While I am not an Islamic scholar, IslamQa states that “It is permissible to delay having children for a certain amount of time if that serves an interest, such as if the woman is weak or sick. But it is not permissible to do that for fear of poverty or for fear of raising the children because that implies thinking negatively of Allah, may He be exalted.” And “The Islamic Fiqh Council affirms unanimously that it is not permissible to limit the number of children in general, and it is not permissible to prevent pregnancy if the reason for doing that is fear of poverty because Allah is the Provider and Owner of great power, and there is no living creature on earth but its provision is due from Allah, or if that is for other reasons that are not acceptable according to sharee’ah”.

As we can see, Allah (swt) is the Provider of all, and we need to trust in Him (swt). While this is not meant to be used against your husband, it is stated to show you that women do have rights to have children as Allah (swt) will provide, which you probably already know. However, as suggested, these may be some points you may want to discuss with your husband after you both have tried to repair and find peace between you.

In addition, IslamQa does suggest for the wife that in situations such as this she tries to maintain a happy, calm home despite the longing she may feel for a child. Keep busy with your other child, make your husband feel valued and respected, and involve yourself in outside interests. Get together with other sisters and do things that are enjoyable for you. Increase your hobbies, take an exercise class, study about Islam and draw closer to Allah (swt). In sha’ Allah, your husband will have time to think and reflect during this “calm” period, and Allah may touch his heart towards what is right.

Make du’aa’ that Allah (swt) guides you and your husband so that you can forgive each other and re-bond with each other as well as with Allah (swt). Pray together sister; this is a most powerful and unifying act that a husband and wife can do together which will bring many blessings in sha’ Allah.

While this may not be what you want to hear, dear sister, I do think by stepping back for a little while, getting counseling, re-grouping your emotions (which your husband will also do in sha’ Allah), and focusing on nurturing activities as well as social and Islamic endeavors, you may find your husband changes his mind after a period of calm reconnection with you and, more importantly, with Allah (swt). Your husband does love you very much, sister; he may just need some time to build up the confidence within himself to ensure he will be able to provide for his family and trust more in Allah (swt) that He (swt) the Most High will provide.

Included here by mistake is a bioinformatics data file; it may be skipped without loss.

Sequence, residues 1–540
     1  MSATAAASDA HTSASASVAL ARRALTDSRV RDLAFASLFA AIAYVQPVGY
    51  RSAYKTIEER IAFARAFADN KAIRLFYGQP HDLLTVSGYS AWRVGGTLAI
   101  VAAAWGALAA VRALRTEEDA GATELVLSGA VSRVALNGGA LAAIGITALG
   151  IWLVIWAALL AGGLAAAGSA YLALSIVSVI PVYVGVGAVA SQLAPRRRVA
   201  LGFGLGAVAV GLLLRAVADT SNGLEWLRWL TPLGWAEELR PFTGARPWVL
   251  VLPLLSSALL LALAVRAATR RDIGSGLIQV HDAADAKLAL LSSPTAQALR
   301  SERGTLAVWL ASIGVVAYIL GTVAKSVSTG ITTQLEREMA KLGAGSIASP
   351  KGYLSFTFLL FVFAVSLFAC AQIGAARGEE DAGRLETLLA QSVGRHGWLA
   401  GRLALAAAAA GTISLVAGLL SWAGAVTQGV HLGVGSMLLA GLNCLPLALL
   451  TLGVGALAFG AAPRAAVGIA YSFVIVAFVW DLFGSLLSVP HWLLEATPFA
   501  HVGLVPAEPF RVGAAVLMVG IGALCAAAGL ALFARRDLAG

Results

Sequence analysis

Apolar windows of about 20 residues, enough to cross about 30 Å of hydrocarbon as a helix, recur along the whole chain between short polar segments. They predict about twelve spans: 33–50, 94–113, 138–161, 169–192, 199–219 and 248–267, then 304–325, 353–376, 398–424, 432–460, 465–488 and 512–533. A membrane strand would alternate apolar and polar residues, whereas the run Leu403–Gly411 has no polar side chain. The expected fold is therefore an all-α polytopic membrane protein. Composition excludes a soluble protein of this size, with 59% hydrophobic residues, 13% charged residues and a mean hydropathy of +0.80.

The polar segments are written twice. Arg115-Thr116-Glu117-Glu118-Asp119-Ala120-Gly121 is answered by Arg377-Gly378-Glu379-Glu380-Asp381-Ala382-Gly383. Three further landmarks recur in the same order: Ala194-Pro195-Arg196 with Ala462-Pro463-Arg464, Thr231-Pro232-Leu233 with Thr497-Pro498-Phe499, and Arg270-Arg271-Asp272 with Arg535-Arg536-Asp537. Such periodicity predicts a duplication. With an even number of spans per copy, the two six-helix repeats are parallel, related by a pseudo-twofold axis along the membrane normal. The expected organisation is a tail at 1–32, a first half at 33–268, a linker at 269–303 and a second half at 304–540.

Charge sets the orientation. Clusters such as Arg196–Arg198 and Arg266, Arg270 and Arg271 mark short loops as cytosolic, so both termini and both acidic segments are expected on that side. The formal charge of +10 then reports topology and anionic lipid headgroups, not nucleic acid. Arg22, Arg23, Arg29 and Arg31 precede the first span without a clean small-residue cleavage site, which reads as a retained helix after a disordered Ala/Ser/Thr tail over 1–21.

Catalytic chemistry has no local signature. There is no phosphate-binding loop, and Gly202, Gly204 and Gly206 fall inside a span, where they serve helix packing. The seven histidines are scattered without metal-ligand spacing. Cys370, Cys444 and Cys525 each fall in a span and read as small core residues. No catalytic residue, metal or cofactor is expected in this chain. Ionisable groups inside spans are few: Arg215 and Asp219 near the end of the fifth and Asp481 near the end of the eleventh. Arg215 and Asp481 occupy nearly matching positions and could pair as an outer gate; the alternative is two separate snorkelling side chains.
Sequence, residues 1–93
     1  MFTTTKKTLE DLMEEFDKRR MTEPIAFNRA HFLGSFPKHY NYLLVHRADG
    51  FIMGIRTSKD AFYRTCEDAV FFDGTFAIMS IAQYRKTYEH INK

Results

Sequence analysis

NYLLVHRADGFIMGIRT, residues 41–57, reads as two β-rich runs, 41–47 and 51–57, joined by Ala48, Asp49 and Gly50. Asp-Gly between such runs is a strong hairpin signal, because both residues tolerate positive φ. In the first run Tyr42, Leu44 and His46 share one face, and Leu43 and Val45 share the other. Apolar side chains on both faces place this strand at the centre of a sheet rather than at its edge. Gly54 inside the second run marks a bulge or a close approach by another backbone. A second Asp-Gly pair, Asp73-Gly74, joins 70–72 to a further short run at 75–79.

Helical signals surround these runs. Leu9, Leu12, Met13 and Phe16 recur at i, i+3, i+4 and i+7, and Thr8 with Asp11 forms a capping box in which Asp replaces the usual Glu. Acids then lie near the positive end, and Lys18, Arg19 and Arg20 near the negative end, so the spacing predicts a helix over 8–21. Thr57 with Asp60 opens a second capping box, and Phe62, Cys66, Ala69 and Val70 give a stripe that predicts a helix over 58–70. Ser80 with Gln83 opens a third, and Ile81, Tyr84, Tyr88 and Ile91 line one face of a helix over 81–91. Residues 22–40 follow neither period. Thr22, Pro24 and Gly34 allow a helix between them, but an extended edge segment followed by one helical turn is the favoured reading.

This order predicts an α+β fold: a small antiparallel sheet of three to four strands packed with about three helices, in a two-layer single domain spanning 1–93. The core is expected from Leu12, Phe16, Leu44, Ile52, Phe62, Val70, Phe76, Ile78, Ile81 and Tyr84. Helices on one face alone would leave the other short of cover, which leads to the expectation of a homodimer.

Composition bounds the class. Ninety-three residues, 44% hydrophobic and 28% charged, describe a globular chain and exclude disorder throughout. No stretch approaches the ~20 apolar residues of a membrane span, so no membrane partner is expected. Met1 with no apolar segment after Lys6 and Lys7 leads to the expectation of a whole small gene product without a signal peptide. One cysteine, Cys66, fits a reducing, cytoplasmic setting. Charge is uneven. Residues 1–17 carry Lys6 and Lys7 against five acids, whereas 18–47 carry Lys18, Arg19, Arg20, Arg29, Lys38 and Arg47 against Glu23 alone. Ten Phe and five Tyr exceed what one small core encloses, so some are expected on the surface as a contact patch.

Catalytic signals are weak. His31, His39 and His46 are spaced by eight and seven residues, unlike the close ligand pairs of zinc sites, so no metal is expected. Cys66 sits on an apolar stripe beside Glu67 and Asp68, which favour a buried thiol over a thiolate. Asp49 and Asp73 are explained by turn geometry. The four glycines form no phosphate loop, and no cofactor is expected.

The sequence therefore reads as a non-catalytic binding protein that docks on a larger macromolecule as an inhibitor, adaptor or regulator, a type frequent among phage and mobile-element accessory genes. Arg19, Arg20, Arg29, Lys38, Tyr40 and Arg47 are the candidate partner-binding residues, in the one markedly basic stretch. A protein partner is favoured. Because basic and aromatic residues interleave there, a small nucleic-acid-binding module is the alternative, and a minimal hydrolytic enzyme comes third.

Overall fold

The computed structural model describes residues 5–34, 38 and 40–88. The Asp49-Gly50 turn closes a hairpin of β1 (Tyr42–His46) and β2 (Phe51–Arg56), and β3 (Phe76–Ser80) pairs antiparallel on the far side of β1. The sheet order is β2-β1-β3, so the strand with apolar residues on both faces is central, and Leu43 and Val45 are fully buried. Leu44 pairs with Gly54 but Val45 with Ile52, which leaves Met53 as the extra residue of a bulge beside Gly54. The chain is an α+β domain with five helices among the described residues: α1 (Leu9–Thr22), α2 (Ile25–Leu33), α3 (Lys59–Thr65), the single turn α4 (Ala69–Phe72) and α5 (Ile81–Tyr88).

We wish you the best dear sister. Please let us know how you are doing.



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About Aisha Mohammad

Aisha received her PhD in psychology in 2000 and an MS in public health in 2009. Aisha worked as a Counselor/Psychologist for 12 years for Geneva B. Scruggs Community Health Care Center in New York. Aisha specializes in trauma, depression, anxiety, substance abuse, marriage/relationships issues, as well as community-cultural dynamics. She is certified in Restorative Justice/ Healing Circles, Conflict Resolution, Mediation, and is also a certified Life Coach. Aisha works at a Family Resource Center, and has a part-time practice in which she integrates healing and spirituality using a holistic approach. Aisha plans to open a holistic care counseling center for Muslims and others in the New York area in the future, in sha' Allah. Aisha is also a part of several organizations that advocate for social & food justice. In her spare time she enjoys her family, martial arts classes, Islamic studies as well as working on her book and spoken word poetry projects.